It was a relief to have them drop off their stuff on Saturday, because it just felt like we were NEVER done getting the stuff! We had bonnets, but I sewed two skirts, two aprons, altered some shirts, sewed elastic in some pajama pants for bloomers, and we borrowed or found the rest. After buying the tick spray, the hiking socks, the dishes, small Book of Mormons, moleskin, bug spray, sunscreen, vasaline, etc, etc (times two), I probably spent over $200 outfitting these two girls for their roughing it experience.
Both girls had great “families” and had had a few activities with their Ma and Pa and family to get to know them and feel comfortable with them. I am SO THANKFUL for all the wonderful people who worked so hard as Mas and Pas to make this experience a good one for our kids.
Then I took Megan to her drop off point, which was our church, and I asked if they had gotten their ancestor cards. NO! said Megan. WHAT? Each person walking on trek was supposed to find an ancestor who actually crossed the plains, make up an ancestor card and have it laminated. They would wear that ancestor card while they walked. And they had forgotten them. Ugh. Time to race back home. We got home, Megan ran in and grabbed those two cards, looked for her sunglasses that she had forgotten, and then I took her to her drop off point. Because of our detour, it was a little past 5:45, but she wasn’t the last to arrive.
(There’s her cute Ma, waving to us)
Then I had to race over to the church where Natalie was, and bring her that ancestor card. Mission accomplished, and all by 6:00 am.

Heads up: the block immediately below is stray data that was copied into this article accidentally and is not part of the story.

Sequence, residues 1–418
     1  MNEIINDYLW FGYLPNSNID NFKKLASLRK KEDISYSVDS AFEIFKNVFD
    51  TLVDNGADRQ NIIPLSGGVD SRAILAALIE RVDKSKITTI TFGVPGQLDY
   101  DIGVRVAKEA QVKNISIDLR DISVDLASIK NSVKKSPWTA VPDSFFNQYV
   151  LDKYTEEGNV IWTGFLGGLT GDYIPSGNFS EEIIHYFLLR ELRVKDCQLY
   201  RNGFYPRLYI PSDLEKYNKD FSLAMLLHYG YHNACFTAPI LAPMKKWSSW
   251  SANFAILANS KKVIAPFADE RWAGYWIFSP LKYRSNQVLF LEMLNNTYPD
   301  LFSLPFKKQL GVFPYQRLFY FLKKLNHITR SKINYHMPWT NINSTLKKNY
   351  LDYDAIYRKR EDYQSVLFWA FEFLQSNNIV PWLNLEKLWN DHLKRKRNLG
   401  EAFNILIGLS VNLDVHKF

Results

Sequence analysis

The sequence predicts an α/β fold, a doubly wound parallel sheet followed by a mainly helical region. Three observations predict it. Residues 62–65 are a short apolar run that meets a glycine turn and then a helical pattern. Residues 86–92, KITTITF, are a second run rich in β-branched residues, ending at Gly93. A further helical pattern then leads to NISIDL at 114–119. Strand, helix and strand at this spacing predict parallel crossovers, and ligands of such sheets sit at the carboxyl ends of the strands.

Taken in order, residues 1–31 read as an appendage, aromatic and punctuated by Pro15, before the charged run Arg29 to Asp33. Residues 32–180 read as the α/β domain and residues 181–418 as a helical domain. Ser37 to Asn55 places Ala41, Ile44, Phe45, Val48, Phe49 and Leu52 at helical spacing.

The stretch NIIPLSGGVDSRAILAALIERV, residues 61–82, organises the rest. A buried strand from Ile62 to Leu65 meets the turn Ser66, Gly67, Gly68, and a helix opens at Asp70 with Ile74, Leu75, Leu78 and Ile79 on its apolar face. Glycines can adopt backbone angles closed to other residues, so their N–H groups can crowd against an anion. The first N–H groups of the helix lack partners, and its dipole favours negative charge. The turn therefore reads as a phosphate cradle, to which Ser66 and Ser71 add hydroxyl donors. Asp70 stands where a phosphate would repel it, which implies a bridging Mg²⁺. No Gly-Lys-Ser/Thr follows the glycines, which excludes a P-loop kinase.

Then I came home and fell asleep on the couch, I’m not going to lie.
I thought about them all day, worried over how they would do with 13 miles of walking that day, if they would get sunburned, if they would get along with their families, praying for them to have good attitudes and not get blisters. It seemed quite without them, and quiet in the neighborhood. All the teens aged 14 and up were gone, as well as several sets of parents..all on trek. I texted my neighbor and mentioned that I wondered how the kids were doing. She texted me back and forwarded me a picture her husband, the bishop, who was there on trek, had sent her of her girls. The message read, “Girls say hi. L–hello we love you. E–We’re in hell.” That made me laugh, and was a little bit reassuring to know that they were alive. The next day he sent a message for me. “Ericksons–Blisters, but everyone has blisters, great and brave on women’s pull, great attitudes.” I don’t know if he was sending updates on every family, but I appreciated that little bit of info to know that they were working hard and hopefully keeping a good attitude.
Thursday, it was lonely without three of my kids. I couldn’t help thinking about Cole, and wondering what he was doing for the holiday, and hoping the girls were ok, too. The four of us went to the This is the Place Pioneer park to have a little fun.
Even though it wasn’t the hottest day of the week, it was still WAY too hot to be wandering around dirt roads acting like a pioneer. Hmmm. And the girls were doing that for four days.
To face the heat, we had root beer floats. Very American, right?